The Seventh Circuit recently affirmed a bankruptcy court decision that limits a debtor's ability to impair a secured creditor's lien rights by transferring the lien from the creditor's bargained-for collateral to substitute collateral bearing a different "risk profile." In re River East Plaza, LLC, 2012 WL 169760 (7th Cir. Jan. 19, 2012).
The River East Plaza case involved a single-asset real estate debtor whose lone asset was a downtown Chicago office building. LNV Corporation was the debtor's principal creditor, with an approximate $38 million claim secured by a lien on the office building. In its bankruptcy case, the debtor valued the building at $13.5 million, leaving LNV under-secured by over $20 million. LNV elected to have its entire $38 million claim treated as a secured claim pursuant to section 1111(b)(1)(A) of the Bankruptcy Code.
The debtor's plan proposed to pay LNV's claim over time and provided for the retention of LNV's lien. However, the plan proposed to transfer the lien from the office building to $13.5 million in 30-year U.S. Treasury Bonds that would arguably be worth $38.5 million after 30-years of accumulated compound interest.
LNV alleged that transferring its lien from the office building to the U.S. Treasuries failed to satisfy section 1129(b)(2)(A), the cram-down provision applicable to secured creditors. Section 1129(b)(2)(A) requires a plan that impairs a secured creditor to provide the creditor with either of the following: (i) the retention of the secured creditor's lien on the creditor's collateral and deferred cash payments equal to the value of the creditor's collateral on the plan's effective date; (ii) the right to credit-bid at any proposed sale of the creditor's collateral; or (iii) the "indubitable equivalent" of the creditor's claim.
The debtor alleged that the Treasury Bonds constituted the "indubitable equivalent" of the office building because the U.S. Treasuries would provide for full satisfaction of LNV's claim with minimal risk. The Seventh Circuit rejected this contention.
The Court first noted that substitute collateral inherently could not constitute the "indubitable equivalent" of the creditor's collateral. To be an indubitable equivalent, the substitute collateral would have to be at least as valuable as the creditor's collateral and the debtor's only reason to substitute collateral would be because the substitute collateral is worth less than the creditor's collateral. The Court also noted that the vastly different risks and rewards associated with the office building and U.S. Treasuries precluded an "indubitable equivalent" finding. The Court noted that the creditor arguably faced greater risk in receiving full recovery of its claim from the office building should the debtor default under the plan. However, the creditor also faced significantly greater returns from the office building should the debtor default and the creditor foreclose on the office building after the real estate market improved. Furthermore, the U.S. Treasuries, though arguably less risky, offered a substantially lower potential return to LNV as the secured creditor -- particularly when the effect of inflation over a 30-year period is taken into consideration.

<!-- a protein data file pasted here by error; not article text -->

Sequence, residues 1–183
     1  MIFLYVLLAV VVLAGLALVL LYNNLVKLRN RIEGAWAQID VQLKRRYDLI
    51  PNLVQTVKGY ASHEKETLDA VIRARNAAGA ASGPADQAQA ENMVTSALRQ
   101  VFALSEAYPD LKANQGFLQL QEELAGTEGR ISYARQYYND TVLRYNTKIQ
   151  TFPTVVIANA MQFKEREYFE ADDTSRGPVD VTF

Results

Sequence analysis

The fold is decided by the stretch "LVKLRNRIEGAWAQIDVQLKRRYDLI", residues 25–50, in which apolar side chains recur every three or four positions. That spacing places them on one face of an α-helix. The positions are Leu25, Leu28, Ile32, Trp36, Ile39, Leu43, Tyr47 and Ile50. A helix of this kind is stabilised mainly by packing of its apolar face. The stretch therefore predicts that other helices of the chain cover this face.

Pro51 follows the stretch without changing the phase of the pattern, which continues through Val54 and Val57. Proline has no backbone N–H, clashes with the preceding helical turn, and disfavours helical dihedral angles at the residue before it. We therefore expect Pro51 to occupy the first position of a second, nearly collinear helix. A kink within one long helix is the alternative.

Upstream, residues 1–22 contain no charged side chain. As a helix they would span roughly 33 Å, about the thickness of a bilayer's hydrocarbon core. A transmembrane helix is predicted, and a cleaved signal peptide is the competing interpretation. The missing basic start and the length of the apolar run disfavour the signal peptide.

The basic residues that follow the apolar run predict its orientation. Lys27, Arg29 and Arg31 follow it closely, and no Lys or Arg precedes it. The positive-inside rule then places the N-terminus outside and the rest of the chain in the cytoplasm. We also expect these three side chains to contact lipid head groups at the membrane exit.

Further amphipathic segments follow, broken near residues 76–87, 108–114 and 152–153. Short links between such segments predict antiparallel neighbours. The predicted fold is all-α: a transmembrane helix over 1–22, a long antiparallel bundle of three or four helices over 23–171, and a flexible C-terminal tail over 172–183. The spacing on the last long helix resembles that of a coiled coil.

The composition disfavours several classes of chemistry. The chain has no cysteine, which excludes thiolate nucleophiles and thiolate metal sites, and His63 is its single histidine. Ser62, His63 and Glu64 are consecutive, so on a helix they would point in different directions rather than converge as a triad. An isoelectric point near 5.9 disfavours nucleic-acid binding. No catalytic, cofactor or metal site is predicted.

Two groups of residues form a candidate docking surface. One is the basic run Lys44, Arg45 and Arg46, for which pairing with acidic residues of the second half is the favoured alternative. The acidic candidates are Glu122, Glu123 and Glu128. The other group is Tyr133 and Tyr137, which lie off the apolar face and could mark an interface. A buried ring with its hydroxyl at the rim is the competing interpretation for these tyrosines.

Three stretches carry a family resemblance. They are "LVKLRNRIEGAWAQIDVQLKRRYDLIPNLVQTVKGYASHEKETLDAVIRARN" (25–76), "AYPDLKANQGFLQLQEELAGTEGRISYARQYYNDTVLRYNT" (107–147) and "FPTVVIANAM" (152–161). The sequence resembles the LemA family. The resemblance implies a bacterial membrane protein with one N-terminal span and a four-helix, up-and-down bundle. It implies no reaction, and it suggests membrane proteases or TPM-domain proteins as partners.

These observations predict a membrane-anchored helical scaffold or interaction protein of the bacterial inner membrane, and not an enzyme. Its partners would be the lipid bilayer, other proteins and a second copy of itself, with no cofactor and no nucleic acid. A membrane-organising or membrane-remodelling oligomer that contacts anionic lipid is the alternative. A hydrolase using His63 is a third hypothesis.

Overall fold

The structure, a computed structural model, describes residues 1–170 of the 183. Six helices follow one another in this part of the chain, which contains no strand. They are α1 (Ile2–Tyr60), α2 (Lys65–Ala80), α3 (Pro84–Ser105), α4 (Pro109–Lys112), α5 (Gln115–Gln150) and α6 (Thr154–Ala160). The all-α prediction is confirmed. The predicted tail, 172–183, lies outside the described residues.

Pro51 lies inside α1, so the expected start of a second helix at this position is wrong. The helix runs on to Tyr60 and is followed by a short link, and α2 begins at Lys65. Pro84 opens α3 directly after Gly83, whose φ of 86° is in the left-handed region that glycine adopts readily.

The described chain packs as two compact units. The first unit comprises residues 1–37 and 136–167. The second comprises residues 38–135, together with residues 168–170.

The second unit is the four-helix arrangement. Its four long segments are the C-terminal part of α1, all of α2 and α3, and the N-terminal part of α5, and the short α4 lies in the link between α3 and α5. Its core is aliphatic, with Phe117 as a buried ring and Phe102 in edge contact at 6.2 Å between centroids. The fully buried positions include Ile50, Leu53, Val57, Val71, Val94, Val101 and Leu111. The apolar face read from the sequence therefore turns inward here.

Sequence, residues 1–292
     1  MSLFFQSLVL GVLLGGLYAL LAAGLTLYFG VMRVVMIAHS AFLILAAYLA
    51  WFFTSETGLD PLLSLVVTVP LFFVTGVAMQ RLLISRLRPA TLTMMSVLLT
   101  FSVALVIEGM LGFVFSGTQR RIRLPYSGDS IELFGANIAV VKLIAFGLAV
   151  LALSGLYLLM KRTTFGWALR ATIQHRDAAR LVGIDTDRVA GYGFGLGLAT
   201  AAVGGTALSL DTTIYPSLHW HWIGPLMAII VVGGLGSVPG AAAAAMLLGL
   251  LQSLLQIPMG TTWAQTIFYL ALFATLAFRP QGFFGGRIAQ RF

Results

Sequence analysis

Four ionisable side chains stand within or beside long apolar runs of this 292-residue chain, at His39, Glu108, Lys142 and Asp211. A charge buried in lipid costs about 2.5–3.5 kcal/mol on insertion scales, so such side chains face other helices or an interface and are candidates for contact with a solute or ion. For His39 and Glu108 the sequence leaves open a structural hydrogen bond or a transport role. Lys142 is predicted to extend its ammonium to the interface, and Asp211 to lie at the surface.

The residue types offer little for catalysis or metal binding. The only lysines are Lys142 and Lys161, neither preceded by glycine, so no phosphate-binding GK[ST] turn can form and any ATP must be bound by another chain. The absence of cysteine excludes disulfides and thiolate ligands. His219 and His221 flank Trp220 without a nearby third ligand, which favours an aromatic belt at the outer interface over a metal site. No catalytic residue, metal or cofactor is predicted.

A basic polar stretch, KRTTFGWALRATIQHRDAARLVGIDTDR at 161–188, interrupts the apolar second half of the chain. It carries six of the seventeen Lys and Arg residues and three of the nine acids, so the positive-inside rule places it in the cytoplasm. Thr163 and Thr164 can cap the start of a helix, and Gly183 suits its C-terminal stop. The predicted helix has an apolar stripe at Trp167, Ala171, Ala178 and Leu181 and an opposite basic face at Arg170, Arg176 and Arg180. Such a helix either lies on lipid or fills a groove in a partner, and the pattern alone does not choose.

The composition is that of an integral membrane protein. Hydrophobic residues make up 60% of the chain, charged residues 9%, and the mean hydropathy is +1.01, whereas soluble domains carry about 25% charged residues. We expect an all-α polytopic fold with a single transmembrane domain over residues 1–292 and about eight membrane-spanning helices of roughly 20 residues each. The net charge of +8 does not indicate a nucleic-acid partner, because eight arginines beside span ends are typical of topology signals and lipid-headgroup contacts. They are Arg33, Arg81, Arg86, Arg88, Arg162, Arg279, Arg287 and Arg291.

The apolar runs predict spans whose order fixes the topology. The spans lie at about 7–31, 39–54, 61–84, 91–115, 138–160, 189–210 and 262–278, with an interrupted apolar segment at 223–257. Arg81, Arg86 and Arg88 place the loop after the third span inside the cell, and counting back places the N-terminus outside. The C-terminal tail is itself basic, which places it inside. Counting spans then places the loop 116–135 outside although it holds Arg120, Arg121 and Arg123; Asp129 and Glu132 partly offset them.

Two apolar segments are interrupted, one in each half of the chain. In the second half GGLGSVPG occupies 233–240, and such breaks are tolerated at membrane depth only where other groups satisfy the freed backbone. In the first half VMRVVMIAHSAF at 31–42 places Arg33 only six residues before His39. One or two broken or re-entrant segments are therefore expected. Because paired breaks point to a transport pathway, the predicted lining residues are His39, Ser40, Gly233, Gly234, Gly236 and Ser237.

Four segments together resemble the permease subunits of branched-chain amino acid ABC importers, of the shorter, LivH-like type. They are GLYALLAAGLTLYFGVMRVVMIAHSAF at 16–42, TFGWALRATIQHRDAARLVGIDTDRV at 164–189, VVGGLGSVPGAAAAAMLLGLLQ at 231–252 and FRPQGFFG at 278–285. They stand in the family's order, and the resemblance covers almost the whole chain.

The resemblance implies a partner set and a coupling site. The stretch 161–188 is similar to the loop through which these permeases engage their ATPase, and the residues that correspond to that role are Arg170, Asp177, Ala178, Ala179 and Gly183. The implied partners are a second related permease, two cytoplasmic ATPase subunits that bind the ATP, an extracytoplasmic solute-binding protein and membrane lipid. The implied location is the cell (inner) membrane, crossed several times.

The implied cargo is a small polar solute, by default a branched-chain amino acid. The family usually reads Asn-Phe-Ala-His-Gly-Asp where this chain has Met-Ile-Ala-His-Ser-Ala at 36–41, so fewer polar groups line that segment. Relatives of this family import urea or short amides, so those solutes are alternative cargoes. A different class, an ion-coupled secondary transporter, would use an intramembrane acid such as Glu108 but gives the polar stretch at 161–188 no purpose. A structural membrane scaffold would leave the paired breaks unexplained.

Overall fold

Ultimately, the Court reasoned that creditors are entitled to choose their "risk profiles" and debtors cannot alter that risk profile by using the "indubitable equivalent" provision of section 1129(b)(2)(A)(iii) to strip creditors of rights they would otherwise have under either 1129(b)(2)(A)(i) or (ii). Significantly, when read with the Seventh Circuit's 2011 River Road Partners opinion, a case which holds that the "indubitable equivalent" provision cannot be used to strip a creditor of the credit-bid rights afforded by section 1129(b)(2)(A)(ii), the Seventh Circuit has arguably read the "or" out of section 1129(b)(2)(A) and held that a plan cannot satisfy the "indubitable equivalent" standard unless the plan also satisfies subsection (i) or (ii) of section 1129(b)(2)(A). See River Road Hotel Partners, LLC v. Amalgamated Bank, 651 F.3d 642 (7th Cir. 2011).
This article was prepared by Berry D. Spears (firstname.lastname@example.org or 713 651 5201 in Houston and 512 536 5246 in Austin), Louis R. Strubeck, Jr. (email@example.com or 214 855 8040 in Dallas and 212 318 3159 in New York) and Bob Bruner (firstname.lastname@example.org or 713 651 5216) of the firm's Bankruptcy and Insolvency Practice Group. For further information please contact any of the authors listed above.